Thou God of truth and love
We seek Thy perfect way
Ready Thy choice to approve
Thy providence to obey
Enter into Thy wise design
And sweetly lose our will in Thine
There are only two Methodist Churches in the parish of St Mary, They are situated in the villages of Sawcolts and Bolans. The congregatations were establish during the time of slavery by missionaries of the Methodist Society from United Kingdom, who, on travelling around the island, found that the Moravians had already established schools and churches in the villages of Jennings and Old Road. The Sawcolts Methodist Church was built between 1840 and 1846 by recently emancipated slaves on land given by an estate owner, one Mrs Byam, of England.
The original owner of the estate comprised the village of Sawcolts, originally known as Sawcotts, was one Colonel John Sawcolts, Captain of the Militia 1706, Justice of the Peace (JP) 1718 and Member of the House of Assembly in 1713. It encompassed the areas from John Hughes to Bendals and included the now defunct village of Hamilton as well as Belvedere and the Body Pond area. Some members of the Sawcolts family were born, baptized and married in Antigua. Some were also buried here. Subsequently, the estate was purchased by the Government of Antigua and, in later years, different portions have been sold to local nationals.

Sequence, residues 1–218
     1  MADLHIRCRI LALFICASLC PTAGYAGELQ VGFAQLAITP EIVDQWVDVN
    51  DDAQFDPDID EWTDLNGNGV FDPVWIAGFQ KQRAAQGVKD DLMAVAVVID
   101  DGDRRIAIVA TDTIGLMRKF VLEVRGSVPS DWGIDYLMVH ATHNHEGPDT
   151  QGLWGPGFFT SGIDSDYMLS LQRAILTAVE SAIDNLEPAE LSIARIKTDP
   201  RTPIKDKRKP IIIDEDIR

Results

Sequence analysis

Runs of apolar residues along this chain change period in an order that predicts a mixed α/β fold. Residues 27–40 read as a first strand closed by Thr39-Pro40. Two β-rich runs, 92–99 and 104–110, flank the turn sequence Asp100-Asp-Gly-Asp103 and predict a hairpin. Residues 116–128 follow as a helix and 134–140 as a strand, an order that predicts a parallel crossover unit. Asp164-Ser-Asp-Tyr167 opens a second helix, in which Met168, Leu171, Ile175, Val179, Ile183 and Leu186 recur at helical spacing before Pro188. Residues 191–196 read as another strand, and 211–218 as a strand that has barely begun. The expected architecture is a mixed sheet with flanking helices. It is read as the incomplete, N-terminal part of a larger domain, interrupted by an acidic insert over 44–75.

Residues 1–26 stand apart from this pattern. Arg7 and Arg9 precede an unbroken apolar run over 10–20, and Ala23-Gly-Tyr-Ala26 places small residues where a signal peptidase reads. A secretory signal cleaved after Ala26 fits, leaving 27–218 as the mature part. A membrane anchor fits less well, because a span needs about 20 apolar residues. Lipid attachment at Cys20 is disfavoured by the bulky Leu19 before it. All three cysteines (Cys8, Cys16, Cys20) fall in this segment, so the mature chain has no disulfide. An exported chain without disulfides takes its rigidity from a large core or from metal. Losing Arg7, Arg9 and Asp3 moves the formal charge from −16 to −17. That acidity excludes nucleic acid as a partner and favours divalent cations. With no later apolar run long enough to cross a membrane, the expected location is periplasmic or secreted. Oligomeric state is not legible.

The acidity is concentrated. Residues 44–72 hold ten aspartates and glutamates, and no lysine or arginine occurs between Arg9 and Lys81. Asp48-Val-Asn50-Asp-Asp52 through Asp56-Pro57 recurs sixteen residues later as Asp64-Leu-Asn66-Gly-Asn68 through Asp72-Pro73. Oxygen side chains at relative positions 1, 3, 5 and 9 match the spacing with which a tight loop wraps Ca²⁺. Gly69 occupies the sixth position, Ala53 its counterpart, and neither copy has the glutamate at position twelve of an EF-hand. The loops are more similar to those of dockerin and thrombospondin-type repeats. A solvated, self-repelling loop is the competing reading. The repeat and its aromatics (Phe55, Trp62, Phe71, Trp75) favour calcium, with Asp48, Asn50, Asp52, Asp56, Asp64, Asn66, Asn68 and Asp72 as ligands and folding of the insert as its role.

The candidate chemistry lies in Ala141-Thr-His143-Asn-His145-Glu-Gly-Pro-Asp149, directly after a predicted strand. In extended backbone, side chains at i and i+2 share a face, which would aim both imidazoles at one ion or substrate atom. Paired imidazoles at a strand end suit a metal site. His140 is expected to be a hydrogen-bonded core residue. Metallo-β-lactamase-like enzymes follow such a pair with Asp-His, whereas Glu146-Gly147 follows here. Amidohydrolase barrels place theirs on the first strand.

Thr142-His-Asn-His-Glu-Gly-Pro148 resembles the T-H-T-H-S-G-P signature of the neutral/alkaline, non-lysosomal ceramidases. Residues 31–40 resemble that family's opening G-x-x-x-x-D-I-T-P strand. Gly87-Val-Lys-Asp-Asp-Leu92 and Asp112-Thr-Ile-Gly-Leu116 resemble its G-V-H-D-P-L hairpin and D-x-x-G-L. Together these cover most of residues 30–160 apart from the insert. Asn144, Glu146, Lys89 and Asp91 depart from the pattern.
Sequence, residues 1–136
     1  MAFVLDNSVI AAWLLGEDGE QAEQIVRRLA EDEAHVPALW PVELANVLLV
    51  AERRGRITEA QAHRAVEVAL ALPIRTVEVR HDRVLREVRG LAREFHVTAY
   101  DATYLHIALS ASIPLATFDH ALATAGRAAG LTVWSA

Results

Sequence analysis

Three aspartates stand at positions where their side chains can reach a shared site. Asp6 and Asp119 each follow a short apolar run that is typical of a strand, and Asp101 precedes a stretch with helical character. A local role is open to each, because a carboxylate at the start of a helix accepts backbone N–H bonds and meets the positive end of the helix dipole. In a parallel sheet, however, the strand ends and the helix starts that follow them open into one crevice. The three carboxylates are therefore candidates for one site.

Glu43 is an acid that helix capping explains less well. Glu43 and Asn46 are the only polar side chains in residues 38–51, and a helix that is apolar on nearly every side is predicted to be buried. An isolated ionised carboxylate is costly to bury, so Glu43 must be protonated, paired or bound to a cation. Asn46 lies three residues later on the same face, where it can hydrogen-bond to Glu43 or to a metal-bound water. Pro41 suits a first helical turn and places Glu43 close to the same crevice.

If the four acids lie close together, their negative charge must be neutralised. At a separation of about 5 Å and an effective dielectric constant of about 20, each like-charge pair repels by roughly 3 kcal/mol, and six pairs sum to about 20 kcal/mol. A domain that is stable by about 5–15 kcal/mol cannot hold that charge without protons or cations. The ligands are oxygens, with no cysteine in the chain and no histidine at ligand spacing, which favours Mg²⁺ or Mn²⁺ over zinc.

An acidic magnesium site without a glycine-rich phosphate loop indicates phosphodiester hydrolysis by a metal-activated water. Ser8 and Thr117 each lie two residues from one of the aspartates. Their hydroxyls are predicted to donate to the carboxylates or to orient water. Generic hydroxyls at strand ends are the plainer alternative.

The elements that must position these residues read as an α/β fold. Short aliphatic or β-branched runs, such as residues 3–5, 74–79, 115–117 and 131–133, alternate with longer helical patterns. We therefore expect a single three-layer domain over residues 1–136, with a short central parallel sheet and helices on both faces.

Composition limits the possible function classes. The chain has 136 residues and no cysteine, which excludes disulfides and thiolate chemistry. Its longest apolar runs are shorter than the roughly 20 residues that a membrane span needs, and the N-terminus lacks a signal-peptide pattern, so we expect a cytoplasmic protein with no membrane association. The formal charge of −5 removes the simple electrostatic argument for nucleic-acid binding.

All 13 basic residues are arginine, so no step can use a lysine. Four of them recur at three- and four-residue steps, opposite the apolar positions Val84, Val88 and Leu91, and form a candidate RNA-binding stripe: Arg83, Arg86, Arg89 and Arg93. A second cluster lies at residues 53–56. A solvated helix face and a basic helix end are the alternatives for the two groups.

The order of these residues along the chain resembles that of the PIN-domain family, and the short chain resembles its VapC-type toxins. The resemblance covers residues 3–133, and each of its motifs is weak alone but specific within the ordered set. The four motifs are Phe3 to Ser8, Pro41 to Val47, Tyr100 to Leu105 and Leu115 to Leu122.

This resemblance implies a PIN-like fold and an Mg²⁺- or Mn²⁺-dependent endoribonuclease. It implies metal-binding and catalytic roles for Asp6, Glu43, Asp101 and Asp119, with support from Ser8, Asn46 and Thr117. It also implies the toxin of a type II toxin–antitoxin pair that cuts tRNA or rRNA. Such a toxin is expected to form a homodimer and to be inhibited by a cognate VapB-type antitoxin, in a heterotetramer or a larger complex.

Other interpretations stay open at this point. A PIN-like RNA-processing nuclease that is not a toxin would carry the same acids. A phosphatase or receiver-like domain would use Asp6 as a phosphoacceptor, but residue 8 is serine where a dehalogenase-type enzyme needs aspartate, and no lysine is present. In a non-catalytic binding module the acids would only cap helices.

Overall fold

English Methodist missionaries preached originally in the village of Sawcotts at the site of the “Still House,” one evening and, encouraged, returned the following evening. Here they conducted a Temperance Meeting in a house in a room upstairs while rum was being prepared in the cellar downstairs for shipping to St John’s and overseas. During this Meeting, “spirits” were so fervently denounced that a number of slaves were converted to Christianity. A Society was formed, Methodism was born in Sawcolts. Services were held regularly and eventually the Church was built on the land which was offered for sale. It was donated to the Methodist Missionaries by one Mrs Byam, a wealthy English woman and herself, an estate owner. The mill processing the sugar cane remains and can be seen at the back of the church.